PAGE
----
In the rush to support the valiant Ukrainians who are fighting to preserve their freedom, an urge to purge all things Russian is leading to a new variant of cancel culture. In the case of musicians who have supported or palled around with Vladimir Putin, it’s understandable. But don’t let the urge get out of hand. Tchaikovsky was not a pal of Vladimir Putin.
Fortunately, despite the increasingly violent situation in Ukrainian towns and cities, the Los Angeles Philharmonic was not tempted to budge from the mostly-Russian program it had scheduled over the past weekend at Walt Disney Concert Hall (even the digital ticket order still featured a picture of the Kremlin). Yet the composers on tap, Shostakovich and Prokofiev — the Soviet era’s two towering figures, most scribes concur — probably would be exempt from the purge anyway since they themselves suffered at the hands of Russian authorities at one time or another.
The concert was originally supposed to have been led by Karina Canellakis, but upon her withdrawal, Ludovic Morlot, the former music director (now conductor emeritus) of the Seattle Symphony, inherited her program. Morlot seems to be pretty good at frequent subbing — he led the Boston Symphony’s 2011 California tour when James Levine was indisposed, stepped in for the first halves of three of Michael Tilson Thomas’s concerts in San Francisco last November, and later this month will lead a program in place of his successor in Seattle, Thomas Dausgaard, who acrimoniously resigned his post there in January.
Morlot also has a yen for 20th-century repertory. I saw him do a crackling Shostakovich Symphony No. 1 in Seattle’s Benaroya Hall three years ago, and his recordings there have delivered gems such as the complete orchestral works of Henri Dutilleux, a generous helping of Ives, and the best recording of Luciano Berio’s Sinfonia since the composer’s own. Knowing all that, and considering a possible extra boost of adrenaline due to the events in Ukraine, it figured that he and the LA Phil would burn in Shostakovich’s Symphony No. 10 in Walt Disney Concert Hall Sunday afternoon (Mar. 13). Which indeed they did.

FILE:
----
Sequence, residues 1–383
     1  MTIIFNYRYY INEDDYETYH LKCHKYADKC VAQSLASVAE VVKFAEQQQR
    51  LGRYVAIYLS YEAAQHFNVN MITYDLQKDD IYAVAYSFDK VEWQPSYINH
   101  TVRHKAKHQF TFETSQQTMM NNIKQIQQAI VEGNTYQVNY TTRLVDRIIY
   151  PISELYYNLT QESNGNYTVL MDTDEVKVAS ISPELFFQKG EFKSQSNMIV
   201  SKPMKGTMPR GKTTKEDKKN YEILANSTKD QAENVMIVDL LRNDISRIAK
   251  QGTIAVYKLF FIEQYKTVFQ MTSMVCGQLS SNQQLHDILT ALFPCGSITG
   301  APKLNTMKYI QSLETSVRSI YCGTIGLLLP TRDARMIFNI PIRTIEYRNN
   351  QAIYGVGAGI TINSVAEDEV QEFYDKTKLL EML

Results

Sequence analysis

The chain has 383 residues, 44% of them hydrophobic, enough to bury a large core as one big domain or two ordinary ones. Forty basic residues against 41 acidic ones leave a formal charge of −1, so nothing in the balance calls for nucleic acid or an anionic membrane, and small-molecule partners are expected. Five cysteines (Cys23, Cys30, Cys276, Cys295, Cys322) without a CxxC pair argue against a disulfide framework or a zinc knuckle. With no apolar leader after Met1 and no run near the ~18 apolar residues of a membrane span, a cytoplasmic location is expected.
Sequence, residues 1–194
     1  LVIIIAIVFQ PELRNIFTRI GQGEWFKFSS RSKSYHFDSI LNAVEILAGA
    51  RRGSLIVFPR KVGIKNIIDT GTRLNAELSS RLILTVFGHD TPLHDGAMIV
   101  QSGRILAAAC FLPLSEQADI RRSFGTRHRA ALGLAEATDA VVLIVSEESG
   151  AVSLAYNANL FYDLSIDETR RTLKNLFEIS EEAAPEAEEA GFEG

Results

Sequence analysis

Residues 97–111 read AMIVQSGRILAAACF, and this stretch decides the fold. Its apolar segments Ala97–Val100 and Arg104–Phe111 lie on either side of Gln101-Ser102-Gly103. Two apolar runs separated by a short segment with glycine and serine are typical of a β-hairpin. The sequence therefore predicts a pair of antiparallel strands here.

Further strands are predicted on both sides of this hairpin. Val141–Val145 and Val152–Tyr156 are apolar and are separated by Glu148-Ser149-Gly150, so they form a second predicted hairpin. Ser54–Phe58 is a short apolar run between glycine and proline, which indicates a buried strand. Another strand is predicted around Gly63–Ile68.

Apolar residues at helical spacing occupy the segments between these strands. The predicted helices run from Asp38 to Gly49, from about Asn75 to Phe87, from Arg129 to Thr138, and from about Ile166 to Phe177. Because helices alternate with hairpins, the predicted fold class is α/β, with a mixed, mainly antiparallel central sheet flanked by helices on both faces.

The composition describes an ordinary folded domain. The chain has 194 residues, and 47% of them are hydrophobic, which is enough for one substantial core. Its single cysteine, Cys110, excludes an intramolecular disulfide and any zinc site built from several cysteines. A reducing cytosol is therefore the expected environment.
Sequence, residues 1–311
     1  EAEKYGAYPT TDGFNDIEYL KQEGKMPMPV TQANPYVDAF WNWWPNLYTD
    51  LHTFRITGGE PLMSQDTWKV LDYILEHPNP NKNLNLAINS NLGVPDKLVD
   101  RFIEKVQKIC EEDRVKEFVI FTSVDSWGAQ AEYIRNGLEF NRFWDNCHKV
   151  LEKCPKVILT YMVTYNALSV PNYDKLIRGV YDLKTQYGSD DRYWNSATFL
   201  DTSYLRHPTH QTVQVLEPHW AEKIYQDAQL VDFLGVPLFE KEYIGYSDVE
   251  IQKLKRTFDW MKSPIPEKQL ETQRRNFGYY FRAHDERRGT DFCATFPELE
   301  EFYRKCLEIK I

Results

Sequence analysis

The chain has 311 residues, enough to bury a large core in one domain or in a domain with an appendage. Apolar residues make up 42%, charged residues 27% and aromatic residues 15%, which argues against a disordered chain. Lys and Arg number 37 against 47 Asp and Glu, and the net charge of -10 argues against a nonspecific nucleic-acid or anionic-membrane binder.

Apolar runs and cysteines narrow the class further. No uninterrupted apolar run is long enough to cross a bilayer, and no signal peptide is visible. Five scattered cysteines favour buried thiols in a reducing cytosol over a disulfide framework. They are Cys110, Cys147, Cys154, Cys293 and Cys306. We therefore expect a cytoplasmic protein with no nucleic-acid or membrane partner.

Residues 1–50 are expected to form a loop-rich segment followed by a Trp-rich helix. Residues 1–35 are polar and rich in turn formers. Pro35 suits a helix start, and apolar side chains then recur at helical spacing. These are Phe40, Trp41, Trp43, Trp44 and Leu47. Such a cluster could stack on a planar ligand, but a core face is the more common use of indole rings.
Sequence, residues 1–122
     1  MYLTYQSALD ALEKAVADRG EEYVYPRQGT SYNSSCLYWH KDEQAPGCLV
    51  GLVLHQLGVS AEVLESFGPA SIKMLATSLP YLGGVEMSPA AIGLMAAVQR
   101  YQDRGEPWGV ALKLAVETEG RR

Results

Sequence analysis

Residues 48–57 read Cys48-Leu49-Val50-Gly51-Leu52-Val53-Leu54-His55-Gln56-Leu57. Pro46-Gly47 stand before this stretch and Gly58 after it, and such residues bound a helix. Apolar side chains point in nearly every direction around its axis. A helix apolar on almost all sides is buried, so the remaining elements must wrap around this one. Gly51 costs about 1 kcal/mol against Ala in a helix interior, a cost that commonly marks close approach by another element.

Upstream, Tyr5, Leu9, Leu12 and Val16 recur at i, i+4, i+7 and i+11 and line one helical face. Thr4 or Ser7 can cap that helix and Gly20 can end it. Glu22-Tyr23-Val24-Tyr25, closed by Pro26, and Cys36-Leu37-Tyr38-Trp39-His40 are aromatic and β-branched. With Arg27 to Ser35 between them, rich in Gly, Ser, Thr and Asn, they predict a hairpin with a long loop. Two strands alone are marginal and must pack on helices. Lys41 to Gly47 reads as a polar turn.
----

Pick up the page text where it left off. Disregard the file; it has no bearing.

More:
The Tenth Symphony, whether intended or not, will always be associated with the artistic thaw that swept the Soviet Union immediately following the death of the dictator Stalin in 1953. At last, Shostakovich could write what he felt after a period of purgatory following Communist Party Second Secretary Andrei Zhdanov’s denunciations of alleged “formalist” composers in 1948.
In Testimony, his alleged memoirs as told to Solomon Volkov, Shostakovich said that the Tenth was “about Stalin and the Stalin years,” adding that the short, violent Scherzo “is a musical portrait of Stalin, roughly speaking.” The first interpreters of the symphony in the West had no way of knowing that, but they could sense it from the score — and early recordings of Dimitri Mitropoulos, Eugene Ormandy, and Herbert von Karajan have a visceral punch, fury, and brooding sullenness that eluded most of their successors until recently, when Andris Nelsons and Vasily Petrenko have recaptured much of the early fire.
You could hear that intensity from the first swells in the strings under Morlot’s command in the opening movement, the playing acquiring a raw urgency in the anguished central section. The “Stalin Scherzo” sounded really good — fast and savage with sharp accents — if just short of the very last ounce of venom. There is a point in the sometimes-flippant Finale where the theme of the Scherzo comes roaring back into view as if Stalin himself was at the door, only to be halted in its tracks by Shostakovich’s DSCH motto in musical notation slamming the door shut. The composer outlives the dictator, and Morlot and the orchestra really nailed that passage.
The Prokofiev piece also had its subversive side, though a purely musical one completely shorn of politics. It was the Piano Concerto No. 1, a product of Prokofiev’s bad-boy 20s, written as a showoff piece for his own highly-percussive, motor-driven piano technique. It suited the temperament of Venezuelan pianist Sergio Tiempo, who opened with quicksilver lightness punctuated by sudden radical gusts of power, then glided rhapsodically through the slow movement, aside from gusty outbursts in the center. Morlot maintained good rhythm in the accompaniment following a very loud orchestral introduction and, after a bombs-away cadenza, the coda raced along in a near frenzy.
The unlikely introduction to all of this Russian vodka was some Icelandic spring water — Anna Thorvaldsdottír’s Metacosmos, a 12-minute orchestral tone poem that is catching on around world concert stages. Usually, the impression one gets from this piece is the typical Icelandic feeling of a cool, distant land underpinned by drones. But this performance, with Disney Hall's acoustics exposing its string rustlings, breathing effects, the thunderous racket created by three bass drums, and other working parts in diamond-bright detail, made the piece seem more warm-blooded and present. It’s a good sign for Metacosmos’s staying power that it can accommodate more than one approach.